X-COM: Terror from the Deep

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X-COM: Terror from the Deep
North American DOS cover art
Developer(s) MicroProse
Publisher(s) MicroProse
Hasbro Interactive
2K Games
Producer(s) Stuart Whyte
Designer(s) Stephen Goss[1]
Programmer(s) Bill Barna
Annette Bell
Nick Thompson
Artist(s) Paul Ayliffe
Nick Cook
Edward Garnier
Composer(s) John Broomhall
Series X-COM
Engine UFO: Enemy Unknown (updated)
Platform(s) PC (Windows or DOS), 3DO, PlayStation
Release date(s) 1 June 1995 (PC)[2]
1996 (3DO, PlayStation)
Genre(s) Real-time strategy, turn-based tactics
Mode(s) Single-player

X-COM: Terror from the Deep is a strategy video game developed and published by MicroProse in 1995 for the PC. It is the sequel to UFO: Enemy Unknown (aka X-COM: UFO Defense) and the second game of the X-COM series.


Terror from the Deep takes place mostly underwater, with base-building and combat all being submerged beneath the waves. This is also used as a plot device; all of the alien technology from the first game is unusable in salt water, forcing the player to capture and develop new technology.

Just like UFO: Enemy Unknown, the game consists of two parts. The first is the real time-based GeoScape, a global view of Earth where the player views alien and X-COM craft and bases, can hire and dismiss staff, buy and sell vehicles, weaponry, ammunition and items, and build and expand bases. The second part, the BattleScape, is used for combat between squads of aliens and humans, and takes the form of a turn-based battle from an isometric view.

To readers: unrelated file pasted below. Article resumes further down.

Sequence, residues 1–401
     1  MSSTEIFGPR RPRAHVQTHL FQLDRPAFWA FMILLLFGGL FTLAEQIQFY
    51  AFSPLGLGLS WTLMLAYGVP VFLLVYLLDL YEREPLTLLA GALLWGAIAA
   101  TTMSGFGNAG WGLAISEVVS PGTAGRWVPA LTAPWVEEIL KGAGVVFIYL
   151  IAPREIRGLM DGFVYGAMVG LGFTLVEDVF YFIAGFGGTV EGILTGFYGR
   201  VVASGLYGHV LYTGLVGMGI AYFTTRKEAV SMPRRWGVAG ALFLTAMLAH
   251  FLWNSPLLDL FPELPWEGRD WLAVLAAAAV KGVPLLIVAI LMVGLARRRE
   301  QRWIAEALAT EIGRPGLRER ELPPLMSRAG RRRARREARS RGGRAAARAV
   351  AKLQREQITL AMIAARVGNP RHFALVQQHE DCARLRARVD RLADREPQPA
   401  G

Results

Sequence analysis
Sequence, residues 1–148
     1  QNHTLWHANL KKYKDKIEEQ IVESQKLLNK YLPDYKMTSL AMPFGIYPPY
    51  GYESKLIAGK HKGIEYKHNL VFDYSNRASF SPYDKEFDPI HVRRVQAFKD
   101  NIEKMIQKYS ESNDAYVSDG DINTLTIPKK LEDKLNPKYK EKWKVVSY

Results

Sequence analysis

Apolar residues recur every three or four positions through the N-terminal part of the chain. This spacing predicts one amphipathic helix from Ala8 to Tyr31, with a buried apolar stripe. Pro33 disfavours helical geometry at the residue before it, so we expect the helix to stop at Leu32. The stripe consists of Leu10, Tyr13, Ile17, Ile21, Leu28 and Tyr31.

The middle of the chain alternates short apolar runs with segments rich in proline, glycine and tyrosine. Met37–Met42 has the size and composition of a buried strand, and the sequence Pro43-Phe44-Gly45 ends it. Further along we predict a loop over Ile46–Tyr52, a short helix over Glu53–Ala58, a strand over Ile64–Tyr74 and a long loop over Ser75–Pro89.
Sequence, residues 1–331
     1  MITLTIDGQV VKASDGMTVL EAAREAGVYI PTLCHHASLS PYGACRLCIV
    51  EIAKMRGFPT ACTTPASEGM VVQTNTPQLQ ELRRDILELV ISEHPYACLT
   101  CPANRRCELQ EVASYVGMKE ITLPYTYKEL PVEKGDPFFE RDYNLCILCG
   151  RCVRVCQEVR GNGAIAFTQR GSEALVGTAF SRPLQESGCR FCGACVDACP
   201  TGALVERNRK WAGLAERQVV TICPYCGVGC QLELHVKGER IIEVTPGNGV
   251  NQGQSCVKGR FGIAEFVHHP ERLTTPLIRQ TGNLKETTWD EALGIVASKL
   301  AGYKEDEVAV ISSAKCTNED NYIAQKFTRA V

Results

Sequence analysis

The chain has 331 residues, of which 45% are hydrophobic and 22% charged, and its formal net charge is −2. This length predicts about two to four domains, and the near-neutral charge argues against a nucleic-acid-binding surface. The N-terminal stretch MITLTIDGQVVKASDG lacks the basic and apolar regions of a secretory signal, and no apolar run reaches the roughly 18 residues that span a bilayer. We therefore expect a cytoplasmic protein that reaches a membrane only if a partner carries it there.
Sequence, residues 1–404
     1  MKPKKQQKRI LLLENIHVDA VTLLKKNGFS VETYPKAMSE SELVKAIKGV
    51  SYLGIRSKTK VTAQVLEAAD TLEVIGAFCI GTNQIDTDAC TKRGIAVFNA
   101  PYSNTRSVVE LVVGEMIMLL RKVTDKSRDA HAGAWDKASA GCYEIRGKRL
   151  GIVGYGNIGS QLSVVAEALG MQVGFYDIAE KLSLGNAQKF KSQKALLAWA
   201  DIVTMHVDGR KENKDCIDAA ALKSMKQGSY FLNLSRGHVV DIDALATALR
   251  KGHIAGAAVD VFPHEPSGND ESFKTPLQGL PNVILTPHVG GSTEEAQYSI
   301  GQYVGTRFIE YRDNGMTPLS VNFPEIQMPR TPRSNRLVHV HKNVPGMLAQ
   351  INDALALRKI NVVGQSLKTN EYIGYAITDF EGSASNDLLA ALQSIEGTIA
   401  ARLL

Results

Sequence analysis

Underwater battles use the same physics as the ground ones. The game features some mission types composing of multiple parts, such as alien shipping route terror attacks in which the first part is a battle of the upper floors of the ship while the second part takes places in the lower decks of the ship (all parts must be completed for these missions to be successful, and soldiers lost in previous parts do not appear in later parts).


Terror from the Deep is set in 2040, decades after the first Alien War was won, when a new alien menace begins to emerge from the oceans.

Eventually, it is revealed the aquatic aliens came to Earth on a massive spacecraft, known as T'Leth, that crashed into what is now the Gulf of Mexico 65 million years ago, causing the extinction of the dinosaurs. Destruction of T'Leth by the player results in victory but also accidentally results in another worldwide environmental cataclysm, destroying the ecosystem of Earth and setting the stage for the third game in the series, X-COM: Apocalypse.


MicroProse wanted Mythos Games to make a sequel to Enemy Unknown in six months. Julian Gollop felt that the only way to do so was to change the graphics and make minor changes to the gameplay. Eventually, MicroProse licensed Mythos' code and their internal UK studio created Terror from the Deep within a year, while Mythos Games began developing Apocalypse.[3] MicroProse artist Terry Greer recalled: